Texts previously unknown to modern academics have shed light on more than 100 Australian indigenous languages, many of them considered lost, researchers say.
A two-year project headed by linguist Michael Walsh of the University of Sydney has sifted through thousands of items in the New South Wales state library's vast collection of colonial manuscripts, Britain's The Guardian reported.
Typical of their finds was a notebook simply titled "A short vocabulary of the native of Raffles Bay," which turned out to be a guide to the indigenous languages used near a British settlement on the coast of the Northern Territory written by a Victorian colonialist named Charles Tyres.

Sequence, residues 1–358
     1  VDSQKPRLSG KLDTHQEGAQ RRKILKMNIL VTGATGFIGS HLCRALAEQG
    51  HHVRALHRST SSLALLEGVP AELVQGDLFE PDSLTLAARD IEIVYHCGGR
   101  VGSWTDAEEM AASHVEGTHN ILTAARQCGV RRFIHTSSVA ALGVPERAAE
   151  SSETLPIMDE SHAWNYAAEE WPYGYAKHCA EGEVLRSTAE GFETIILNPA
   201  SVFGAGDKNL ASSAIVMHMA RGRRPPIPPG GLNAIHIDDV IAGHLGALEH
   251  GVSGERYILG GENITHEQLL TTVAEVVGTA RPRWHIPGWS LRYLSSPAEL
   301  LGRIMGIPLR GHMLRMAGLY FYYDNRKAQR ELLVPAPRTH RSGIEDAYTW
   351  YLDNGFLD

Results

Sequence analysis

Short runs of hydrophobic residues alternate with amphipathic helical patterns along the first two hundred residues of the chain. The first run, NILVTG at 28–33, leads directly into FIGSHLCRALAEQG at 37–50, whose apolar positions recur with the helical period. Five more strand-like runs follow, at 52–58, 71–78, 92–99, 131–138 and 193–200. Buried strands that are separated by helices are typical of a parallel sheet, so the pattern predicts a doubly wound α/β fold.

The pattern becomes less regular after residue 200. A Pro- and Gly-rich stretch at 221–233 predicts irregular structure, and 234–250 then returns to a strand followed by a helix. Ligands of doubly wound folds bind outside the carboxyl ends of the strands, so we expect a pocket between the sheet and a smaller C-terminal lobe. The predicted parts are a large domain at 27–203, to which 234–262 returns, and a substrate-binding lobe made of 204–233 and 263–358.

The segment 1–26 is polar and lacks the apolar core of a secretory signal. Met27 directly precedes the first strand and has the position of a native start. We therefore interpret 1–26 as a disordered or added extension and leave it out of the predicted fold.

The work was unknown to modern researchers, Walsh said.
"At that time I figured, well, probably no one knows about this because I only stumbled across it by dumb luck," Walsh said.
But further searching turned up many more similar documents, he said.
The joy of unearthing such documents is tempered by a sobering reality, he said; the Australian government estimates that 145 indigenous languages are still spoken in the country, but an overwhelming 110 are threatened with extinction.
These documents will now help to preserve a culture once under attack by those who put pen to paper to record the languages, Walsh said.
"There is a certain irony there, I guess," Walsh said. "One harsh view would say that the people who were collecting this stuff were colonialists who were basically intent on stealing aboriginal land ... settling the country and opening it up to pastoralism.
"In some instances though, [there were people] like Charles Tyres, who did have a reputation for being quite sympathetic towards aboriginal people and treating them with respect, whereas the others it's not quite as savory a story."